Zhongdian has an old town now swamped by its new counterpart. A while ago the provincial authorities renamed the town Xiangelila (that's Shangrila to you and me), claiming that the town provided the inspiration for Hilton's novel. Essentially a cynical attempt to lure tourists here, it seems to be working, although there is nothing like the development we found in Lijiang or Dali. This means that the town feels quite normal, and if the weather wasn't so wintry, we might stay longer. As it is, we want to keep going and stop only to renew our footwear, visit the local monastery (sneaking past the ticket office), and fill up on the traditional local dish of pizza. In the evenings music is played in the old square and locals, women, men, girls and boys form a circle and dance to the songs. The first time we see this it's dark, and the event thrills us. There are old ladies in traditional clothes, old men in their big hats, young boogaloos in jeans and Rod Stewart haircuts, young women in the latest fashions, all performing an elaborate line dance. This communal act seems like an assertion of their ancient culture and traditions, despite the modernisation of their town and the Han influence that comes with it. Here is a shared act, a public display that asserts their ethnic identity. The next day we arrive a little earlier to see the dancing in the twilight. There are groups of Chinese and foreign tourists gathered with their large cameras pointing at anything or anyone who moves. Suddenly the whole scene just looks like another tacky Chinese tourist show. Lost Horizon indeed.
Monday, April 12, 2010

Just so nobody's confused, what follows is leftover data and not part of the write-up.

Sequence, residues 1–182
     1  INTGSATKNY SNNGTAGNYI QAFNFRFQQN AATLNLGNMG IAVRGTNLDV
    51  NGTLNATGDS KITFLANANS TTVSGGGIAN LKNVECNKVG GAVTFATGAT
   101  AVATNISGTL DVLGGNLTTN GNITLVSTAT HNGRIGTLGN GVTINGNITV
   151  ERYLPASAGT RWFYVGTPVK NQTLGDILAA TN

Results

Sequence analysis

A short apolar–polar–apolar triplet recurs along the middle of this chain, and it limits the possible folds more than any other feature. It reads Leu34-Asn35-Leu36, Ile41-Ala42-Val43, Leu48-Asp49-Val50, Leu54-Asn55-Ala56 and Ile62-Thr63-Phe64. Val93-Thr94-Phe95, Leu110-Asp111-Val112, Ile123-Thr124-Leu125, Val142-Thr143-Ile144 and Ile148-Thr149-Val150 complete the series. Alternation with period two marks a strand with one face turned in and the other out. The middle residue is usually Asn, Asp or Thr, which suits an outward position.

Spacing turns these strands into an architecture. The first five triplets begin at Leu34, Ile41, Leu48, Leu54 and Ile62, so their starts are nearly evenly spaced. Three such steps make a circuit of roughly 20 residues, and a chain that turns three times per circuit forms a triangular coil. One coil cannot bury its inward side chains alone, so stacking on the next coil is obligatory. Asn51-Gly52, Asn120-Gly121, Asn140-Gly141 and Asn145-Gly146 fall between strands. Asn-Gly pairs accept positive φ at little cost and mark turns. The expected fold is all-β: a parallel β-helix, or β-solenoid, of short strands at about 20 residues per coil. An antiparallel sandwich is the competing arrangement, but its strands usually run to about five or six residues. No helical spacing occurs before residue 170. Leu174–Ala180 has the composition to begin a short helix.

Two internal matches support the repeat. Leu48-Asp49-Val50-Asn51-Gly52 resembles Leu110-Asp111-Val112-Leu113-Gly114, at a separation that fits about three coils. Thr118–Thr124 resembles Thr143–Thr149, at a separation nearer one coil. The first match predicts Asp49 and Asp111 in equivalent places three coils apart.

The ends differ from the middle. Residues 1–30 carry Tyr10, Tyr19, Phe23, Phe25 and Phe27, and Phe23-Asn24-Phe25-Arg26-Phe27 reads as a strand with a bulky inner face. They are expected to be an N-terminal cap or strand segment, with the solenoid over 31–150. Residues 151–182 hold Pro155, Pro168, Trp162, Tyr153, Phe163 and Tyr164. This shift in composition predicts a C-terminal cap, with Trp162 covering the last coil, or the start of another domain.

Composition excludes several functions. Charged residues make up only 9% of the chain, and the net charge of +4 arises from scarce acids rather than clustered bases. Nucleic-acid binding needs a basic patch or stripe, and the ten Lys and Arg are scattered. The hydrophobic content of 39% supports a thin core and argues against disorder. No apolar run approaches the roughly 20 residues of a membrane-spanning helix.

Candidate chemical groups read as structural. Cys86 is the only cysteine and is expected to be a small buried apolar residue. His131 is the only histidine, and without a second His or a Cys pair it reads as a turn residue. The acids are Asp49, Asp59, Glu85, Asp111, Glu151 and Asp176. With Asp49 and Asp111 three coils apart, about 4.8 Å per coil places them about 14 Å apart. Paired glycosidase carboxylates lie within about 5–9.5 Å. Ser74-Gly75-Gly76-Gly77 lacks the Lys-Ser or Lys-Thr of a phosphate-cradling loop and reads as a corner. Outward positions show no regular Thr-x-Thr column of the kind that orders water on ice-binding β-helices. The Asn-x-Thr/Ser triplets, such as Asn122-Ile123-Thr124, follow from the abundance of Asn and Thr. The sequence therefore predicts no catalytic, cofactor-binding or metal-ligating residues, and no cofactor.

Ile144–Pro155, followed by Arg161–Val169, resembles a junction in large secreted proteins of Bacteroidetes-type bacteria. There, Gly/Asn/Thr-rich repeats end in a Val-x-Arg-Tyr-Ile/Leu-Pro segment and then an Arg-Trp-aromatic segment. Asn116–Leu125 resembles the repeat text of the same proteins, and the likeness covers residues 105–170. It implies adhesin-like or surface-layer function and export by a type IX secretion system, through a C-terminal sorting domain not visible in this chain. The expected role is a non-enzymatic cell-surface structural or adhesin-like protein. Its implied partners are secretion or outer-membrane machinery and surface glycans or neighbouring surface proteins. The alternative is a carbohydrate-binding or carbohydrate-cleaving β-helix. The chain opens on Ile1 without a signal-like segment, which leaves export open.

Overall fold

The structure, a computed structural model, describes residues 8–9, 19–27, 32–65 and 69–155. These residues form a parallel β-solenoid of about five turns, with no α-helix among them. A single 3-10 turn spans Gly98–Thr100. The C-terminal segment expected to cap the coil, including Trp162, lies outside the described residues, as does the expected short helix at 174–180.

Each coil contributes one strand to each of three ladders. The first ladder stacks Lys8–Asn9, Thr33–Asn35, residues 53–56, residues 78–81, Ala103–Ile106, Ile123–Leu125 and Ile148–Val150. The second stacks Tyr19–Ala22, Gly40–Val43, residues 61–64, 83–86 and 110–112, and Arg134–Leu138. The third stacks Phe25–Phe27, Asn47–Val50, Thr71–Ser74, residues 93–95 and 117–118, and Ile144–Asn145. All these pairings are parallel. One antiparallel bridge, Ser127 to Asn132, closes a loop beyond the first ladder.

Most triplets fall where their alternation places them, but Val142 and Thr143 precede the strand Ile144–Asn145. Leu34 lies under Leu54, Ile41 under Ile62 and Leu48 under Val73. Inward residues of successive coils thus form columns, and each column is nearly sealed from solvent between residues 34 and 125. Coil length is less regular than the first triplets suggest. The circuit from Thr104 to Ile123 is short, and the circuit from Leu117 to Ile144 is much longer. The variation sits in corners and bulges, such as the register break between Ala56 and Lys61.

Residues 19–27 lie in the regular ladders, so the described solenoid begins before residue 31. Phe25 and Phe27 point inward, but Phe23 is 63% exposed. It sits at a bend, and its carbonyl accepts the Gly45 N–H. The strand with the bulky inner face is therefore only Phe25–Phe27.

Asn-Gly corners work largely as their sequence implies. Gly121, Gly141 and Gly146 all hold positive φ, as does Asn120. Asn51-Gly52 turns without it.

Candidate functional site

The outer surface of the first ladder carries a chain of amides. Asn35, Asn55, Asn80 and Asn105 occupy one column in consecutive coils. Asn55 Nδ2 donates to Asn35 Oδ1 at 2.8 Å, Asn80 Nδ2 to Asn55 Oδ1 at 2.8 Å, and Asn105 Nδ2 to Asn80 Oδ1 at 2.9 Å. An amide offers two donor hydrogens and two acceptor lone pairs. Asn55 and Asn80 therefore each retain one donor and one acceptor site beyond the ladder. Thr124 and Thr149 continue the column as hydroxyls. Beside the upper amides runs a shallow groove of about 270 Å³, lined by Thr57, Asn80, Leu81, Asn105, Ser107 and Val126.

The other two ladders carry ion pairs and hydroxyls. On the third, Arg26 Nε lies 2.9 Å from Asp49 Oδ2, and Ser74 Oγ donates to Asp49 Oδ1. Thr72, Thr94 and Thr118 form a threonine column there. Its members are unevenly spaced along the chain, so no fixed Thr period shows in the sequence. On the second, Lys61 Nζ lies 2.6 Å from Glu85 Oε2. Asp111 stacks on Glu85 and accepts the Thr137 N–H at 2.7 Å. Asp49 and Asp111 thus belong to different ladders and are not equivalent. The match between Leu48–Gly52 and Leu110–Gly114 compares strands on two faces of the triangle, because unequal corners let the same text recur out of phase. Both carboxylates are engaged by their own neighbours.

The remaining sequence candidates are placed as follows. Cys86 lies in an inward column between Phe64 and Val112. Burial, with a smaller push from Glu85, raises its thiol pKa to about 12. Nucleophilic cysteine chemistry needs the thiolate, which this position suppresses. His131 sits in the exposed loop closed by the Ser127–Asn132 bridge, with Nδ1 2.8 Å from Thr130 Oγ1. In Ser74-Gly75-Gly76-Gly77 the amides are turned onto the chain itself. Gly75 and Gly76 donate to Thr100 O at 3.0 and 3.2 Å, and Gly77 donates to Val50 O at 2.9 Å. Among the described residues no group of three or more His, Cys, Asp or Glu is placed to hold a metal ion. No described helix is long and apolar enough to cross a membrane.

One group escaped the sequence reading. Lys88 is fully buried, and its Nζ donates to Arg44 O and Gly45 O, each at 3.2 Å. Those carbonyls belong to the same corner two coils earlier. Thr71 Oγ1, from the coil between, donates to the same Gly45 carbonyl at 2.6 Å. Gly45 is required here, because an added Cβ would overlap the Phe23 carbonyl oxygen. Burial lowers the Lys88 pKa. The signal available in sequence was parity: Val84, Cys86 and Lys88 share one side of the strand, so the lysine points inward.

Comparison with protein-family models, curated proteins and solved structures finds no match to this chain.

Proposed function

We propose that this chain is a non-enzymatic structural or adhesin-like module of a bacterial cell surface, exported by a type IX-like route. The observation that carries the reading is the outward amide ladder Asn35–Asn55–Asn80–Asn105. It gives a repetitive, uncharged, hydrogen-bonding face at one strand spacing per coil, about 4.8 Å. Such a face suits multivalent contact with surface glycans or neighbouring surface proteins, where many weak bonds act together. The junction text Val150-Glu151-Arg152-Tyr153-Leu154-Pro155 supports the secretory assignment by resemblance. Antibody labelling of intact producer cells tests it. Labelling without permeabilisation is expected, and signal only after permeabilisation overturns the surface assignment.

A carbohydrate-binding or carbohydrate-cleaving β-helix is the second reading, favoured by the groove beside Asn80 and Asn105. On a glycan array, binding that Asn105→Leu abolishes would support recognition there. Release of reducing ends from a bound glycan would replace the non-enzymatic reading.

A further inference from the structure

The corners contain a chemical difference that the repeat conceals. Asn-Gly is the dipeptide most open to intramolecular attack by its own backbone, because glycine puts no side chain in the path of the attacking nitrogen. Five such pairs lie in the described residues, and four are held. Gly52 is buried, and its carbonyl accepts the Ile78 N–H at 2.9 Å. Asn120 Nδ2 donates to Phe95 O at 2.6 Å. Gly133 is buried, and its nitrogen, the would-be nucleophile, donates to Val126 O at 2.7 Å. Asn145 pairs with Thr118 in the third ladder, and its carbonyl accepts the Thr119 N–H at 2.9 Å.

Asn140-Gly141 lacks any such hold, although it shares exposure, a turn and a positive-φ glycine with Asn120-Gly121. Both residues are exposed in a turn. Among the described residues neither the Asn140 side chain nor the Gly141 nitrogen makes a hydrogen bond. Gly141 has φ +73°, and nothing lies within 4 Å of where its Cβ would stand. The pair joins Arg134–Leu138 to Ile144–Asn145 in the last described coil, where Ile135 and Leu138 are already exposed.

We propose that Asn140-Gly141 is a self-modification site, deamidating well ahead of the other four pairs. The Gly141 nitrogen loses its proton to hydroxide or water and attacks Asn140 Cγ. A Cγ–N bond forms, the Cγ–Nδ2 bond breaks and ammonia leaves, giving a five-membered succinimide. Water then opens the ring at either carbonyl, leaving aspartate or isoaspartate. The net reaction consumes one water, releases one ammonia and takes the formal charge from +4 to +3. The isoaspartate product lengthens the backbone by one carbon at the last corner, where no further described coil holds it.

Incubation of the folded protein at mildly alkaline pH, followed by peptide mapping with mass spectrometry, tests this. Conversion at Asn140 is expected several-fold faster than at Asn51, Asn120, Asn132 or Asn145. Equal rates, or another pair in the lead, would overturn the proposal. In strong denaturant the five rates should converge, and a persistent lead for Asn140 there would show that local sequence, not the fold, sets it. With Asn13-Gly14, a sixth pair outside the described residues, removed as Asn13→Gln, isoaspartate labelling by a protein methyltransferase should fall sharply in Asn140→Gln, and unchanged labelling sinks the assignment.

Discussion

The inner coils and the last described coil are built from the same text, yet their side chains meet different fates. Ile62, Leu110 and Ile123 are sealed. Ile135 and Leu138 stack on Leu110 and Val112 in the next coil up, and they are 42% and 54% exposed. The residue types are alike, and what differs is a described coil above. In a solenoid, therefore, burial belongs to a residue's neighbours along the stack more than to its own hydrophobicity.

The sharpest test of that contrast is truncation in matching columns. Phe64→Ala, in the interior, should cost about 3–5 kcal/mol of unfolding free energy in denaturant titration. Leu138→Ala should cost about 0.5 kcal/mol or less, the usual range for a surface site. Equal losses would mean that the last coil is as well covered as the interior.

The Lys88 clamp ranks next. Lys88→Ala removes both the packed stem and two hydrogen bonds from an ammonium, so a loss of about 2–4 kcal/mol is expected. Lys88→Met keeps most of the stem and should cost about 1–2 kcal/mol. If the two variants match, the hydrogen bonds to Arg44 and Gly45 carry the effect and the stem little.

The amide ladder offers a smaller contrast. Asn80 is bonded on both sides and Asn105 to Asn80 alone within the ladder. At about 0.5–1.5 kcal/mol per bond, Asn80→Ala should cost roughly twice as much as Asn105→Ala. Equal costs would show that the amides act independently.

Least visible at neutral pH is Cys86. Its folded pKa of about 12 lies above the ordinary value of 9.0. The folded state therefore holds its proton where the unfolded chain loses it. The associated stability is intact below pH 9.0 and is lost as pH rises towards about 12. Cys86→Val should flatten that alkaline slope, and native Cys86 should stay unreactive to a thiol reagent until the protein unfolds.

We have three good days cycling to reach Zhongdian in the north of Yunnan, starting with a climb up from the Yangtze on a brand new and virtually empty road. We're slow climbers, but it gives us time to appreciate the views. Ha! Looking southwards we get another aspect of Snow Mountain in glorious sunshine, around the bend there's a view over the Yangtze valley to mountains off to the east. We climb through pine forest, and come across small villages and farmland now and again. Towards the top of our first climb we meet a tour group of cyclists flying down in the opposite direction. None have any luggage, of course. An Aussie woman yells "Nearly there!" But she's wrong. After this climb we have a descent and then another climb and a half before we reach Baishuitai, our destination. Still, she means well. At the top we're rewarded with better views north. A couple of men are leading a mule train through the woods and around a bend on a track. It's our turn to fly past a couple of straggling cyclists on their way up as we hurtle down to the village of Ha'ba. After a good late lunch we motor on, and are happy to find that after regaining some height, the road continues along the vallley at the same altitude. Off to our right the Yangtze is taking another dramatic bend to the east and we leave it behind, finally arriving in Baishuitai as the sun is dropping behind the mountains. The guesthouses are rudimentary, and just as we settle on one along come two other cyclists from the opposite direction. Stephane and Leen, from Belgium, stop at the same guesthouse and we chat over our meal in the evening. It seems the only foreigners in these parts are all on bicycles. Next day seems to take a similar pattern, with a big climb, a descent, and then another climb. Lunch is pot noodles from a shack shop in a large village. It's just enough. At the top of the second climb, where we're about 3700 metres, I get off and push - to stretch the muscles of course. And on the way down we have to find a spot to camp. Thankfully Gayle has got a kilometre marker to look out for, from some other cyclists' blog. We find the spot and make our first camp near to a babbling brook in a clearing amongst pine trees. Our third day starts with yet another climb. The good news is that it's our last big one. The bad news is that it's our highest, about 3900m, and a long one. But by now we're better acclimatised and feeling good. The pass eventually comes but here we encounter freezing winds and a barren landscape. We drop down into a bleak brown valley devoid of life except for a few yaks. Having left the Tropics we seem to have passed through the seasons in the wrong order, with summer, then spring and now this wintry scene. We hurtle past a phoney Tibetan village that's been adapted for Chinese tourists, and stop at the next place for yet another pot noodle. We're in Tibetan country now - that huge area of China where Tibetans are living outside of Tibet proper - and the women are wearing traditional clothes, jewellery, various headgear, and the familiar stiped apron. Ruddy cheeks are prominent.